In a Chapter 7 Bankruptcy Filing, all unsecured debts, with a few exceptions, are eliminated. Unsecured debts such as credit cards and medical bills are eliminated, leaving only secured debts such as homes, cars, furniture, electronics, etc. to be reimbursed.
In a Chapter 7 filing, individuals may retain possession of their property and debts are usually repaid to secured creditors. Alternatively, the debtor can return the secured property to the creditor and not reaffirm the debt or pay the debt.
A typical Chapter 7 bankruptcy filing lasts about 6 months, in which at the conclusion, the debtor receives a discharge of all debts listed in the court petition.
Exceptions to Unsecured Debts
Certain unsecured debts in a Chapter 7 filing are exempt from discharge. These unsecured debts include certain taxes, student loans, child support, alimony, debts as a result of fraud, and debts as a result of a drug or drunk driving conviction.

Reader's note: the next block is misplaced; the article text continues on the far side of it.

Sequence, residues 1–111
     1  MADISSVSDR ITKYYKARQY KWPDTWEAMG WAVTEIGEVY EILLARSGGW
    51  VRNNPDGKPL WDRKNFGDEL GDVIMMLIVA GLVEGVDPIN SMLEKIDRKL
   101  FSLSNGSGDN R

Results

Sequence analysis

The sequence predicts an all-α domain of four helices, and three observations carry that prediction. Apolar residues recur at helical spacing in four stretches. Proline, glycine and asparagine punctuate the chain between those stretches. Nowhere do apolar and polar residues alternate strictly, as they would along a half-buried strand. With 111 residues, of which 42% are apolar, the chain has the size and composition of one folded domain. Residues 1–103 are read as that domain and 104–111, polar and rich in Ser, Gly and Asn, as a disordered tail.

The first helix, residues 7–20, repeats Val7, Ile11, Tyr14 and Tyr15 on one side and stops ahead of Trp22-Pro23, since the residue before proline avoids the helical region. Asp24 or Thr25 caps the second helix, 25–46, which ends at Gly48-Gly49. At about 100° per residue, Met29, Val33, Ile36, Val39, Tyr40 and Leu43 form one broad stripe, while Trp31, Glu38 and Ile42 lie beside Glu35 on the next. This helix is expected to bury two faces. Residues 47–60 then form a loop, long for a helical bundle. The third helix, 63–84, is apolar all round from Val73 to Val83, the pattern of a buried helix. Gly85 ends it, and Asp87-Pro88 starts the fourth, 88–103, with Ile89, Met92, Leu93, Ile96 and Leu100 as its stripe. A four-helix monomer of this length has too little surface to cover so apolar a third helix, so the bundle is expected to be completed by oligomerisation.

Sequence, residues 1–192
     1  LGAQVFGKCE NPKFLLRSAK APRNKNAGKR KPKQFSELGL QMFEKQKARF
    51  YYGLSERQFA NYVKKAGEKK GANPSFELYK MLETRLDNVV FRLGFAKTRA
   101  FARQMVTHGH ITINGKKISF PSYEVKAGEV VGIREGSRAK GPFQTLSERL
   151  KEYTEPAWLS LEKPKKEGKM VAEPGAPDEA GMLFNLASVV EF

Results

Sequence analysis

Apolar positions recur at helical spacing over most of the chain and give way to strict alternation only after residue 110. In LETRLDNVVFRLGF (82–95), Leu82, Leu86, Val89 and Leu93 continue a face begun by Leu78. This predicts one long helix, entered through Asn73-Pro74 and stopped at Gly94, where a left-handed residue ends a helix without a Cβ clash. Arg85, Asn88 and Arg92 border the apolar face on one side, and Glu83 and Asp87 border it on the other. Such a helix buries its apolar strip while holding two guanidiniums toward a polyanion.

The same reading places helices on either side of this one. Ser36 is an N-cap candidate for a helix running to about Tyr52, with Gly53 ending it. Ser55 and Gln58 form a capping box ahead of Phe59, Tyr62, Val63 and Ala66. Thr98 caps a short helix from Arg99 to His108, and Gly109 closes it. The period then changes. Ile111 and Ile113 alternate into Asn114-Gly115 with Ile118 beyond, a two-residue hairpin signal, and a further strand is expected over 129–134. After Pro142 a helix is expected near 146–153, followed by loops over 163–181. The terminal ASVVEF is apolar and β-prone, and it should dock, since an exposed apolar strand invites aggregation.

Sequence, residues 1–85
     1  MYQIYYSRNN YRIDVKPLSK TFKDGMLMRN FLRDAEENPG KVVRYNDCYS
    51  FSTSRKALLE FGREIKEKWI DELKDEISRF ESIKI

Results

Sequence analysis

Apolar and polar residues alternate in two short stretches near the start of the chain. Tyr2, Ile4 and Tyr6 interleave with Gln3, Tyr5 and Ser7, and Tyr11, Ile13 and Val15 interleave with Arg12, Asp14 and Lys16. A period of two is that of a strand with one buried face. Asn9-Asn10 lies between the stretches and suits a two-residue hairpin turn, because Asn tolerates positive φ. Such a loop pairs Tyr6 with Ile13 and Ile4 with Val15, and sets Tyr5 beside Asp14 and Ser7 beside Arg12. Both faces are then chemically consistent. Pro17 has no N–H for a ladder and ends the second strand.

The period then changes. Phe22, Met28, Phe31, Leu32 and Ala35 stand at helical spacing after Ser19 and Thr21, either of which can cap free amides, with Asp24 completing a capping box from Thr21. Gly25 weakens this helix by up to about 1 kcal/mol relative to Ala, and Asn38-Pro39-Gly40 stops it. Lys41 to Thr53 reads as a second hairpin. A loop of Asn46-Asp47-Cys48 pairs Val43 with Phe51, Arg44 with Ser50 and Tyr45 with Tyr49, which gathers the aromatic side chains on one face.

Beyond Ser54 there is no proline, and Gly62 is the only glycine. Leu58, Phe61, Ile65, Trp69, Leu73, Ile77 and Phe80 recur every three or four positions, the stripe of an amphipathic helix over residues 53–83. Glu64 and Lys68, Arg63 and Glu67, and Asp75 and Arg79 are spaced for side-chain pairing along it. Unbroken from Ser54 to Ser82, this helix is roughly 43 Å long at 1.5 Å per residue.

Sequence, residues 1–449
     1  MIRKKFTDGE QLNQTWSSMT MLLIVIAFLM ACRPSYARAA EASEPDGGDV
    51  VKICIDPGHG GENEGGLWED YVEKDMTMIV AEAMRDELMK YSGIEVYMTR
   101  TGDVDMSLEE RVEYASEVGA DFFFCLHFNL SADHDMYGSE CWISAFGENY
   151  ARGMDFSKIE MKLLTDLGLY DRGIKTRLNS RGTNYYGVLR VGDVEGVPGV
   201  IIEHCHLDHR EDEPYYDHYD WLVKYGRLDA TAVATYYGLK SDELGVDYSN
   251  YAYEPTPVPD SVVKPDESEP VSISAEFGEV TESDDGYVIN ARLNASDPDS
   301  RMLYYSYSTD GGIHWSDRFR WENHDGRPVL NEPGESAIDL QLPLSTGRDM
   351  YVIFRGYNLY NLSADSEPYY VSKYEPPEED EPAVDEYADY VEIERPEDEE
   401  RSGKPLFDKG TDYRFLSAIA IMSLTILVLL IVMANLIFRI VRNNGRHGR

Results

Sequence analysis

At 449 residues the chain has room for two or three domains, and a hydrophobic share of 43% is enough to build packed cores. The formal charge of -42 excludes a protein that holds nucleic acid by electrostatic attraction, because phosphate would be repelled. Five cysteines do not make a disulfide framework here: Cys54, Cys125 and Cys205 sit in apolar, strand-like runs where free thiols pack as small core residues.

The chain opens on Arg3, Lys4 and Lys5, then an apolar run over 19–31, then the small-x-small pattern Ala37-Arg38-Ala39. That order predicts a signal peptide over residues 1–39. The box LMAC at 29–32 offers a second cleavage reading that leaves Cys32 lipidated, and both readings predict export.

Chapter 7 Bankruptcy Qualifications
Qualification for Chapter 7 protection is based on means testing outlined in the Bankruptcy Reform Act of 2005 and equity in personal and real property. To qualify for Chapter 7 bankruptcy, your income must be below the medium income line of the current year. If it is, you may qualify for Chapter 7 protection.
If your income is above the median income, you may still be able to qualify for Chapter 7 bankruptcy protection. Under the means testing model, certain deductions, based on the number of people in the household, may be taken for housing, food, clothing, etc.. If these deductions place you under the median income, you will also qualify for Chapter 7 protection.